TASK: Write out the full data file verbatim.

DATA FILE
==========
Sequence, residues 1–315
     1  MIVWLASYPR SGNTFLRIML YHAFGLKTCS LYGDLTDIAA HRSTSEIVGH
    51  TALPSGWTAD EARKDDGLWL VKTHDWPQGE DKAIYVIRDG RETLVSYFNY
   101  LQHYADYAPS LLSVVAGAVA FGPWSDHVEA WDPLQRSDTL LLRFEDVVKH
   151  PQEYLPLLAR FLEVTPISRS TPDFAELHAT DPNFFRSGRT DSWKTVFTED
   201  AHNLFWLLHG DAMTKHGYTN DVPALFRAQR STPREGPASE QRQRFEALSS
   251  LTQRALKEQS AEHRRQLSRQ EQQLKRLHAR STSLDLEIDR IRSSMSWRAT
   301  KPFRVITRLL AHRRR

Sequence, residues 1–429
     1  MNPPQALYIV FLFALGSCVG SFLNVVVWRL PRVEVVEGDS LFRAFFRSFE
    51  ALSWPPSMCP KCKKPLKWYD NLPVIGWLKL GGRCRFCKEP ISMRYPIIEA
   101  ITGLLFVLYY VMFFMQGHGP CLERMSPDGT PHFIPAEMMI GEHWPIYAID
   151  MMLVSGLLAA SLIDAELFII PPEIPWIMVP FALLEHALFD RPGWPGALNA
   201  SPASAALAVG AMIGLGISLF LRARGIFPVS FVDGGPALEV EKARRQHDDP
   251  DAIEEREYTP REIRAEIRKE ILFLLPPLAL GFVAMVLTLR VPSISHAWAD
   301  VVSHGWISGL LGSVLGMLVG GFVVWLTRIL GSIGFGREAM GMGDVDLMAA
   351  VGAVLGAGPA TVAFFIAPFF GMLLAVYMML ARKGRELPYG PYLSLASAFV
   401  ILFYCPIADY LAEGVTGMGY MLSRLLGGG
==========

Sequence, residues 1–315
     1  MIVWLASYPR SGNTFLRIML YHAFGLKTCS LYGDLTDIAA HRSTSEIVGH
    51  TALPSGWTAD EARKDDGLWL VKTHDWPQGE DKAIYVIRDG RETLVSYFNY
   101  LQHYADYAPS LLSVVAGAVA FGPWSDHVEA WDPLQRSDTL LLRFEDVVKH
   151  PQEYLPLLAR FLEVTPISRS TPDFAELHAT DPNFFRSGRT DSWKTVFTED
   201  AHNLFWLLHG DAMTKHGYTN DVPALFRAQR STPREGPASE QRQRFEALSS
   251  LTQRALKEQS AEHRRQLSRQ EQQLKRLHAR STSLDLEIDR IRSSMSWRAT
   301  KPFRVITRLL AHRRR

Sequence, residues 1–429
     1  MNPPQALYIV FLFALGSCVG SFLNVVVWRL PRVEVVEGDS LFRAFFRSFE
    51  ALSWPPSMCP KCKKPLKWYD NLPVIGWLKL GGRCRFCKEP ISMRYPIIEA
   101  ITGLLFVLYY VMFFMQGHGP CLERMSPDGT PHFIPAEMMI GEHWPIYAID
   151  MMLVSGLLAA SLIDAELFII PPEIPWIMVP FALLEHALFD RPGWPGALNA
   201  SPASAALAVG AMIGLGISLF LRARGIFPVS FVDGGPALEV EKARRQHDDP
   251  DAIEEREYTP REIRAEIRKE ILFLLPPLAL GFVAMVLTLR VPSISHAWAD
   301  VVSHGWISGL LGSVLGMLVG GFVVWLTRIL GSIGFGREAM GMGDVDLMAA
   351  VGAVLGAGPA TVAFFIAPFF GMLLAVYMML ARKGRELPYG PYLSLASAFV
   401  ILFYCPIADY LAEGVTGMGY MLSRLLGGG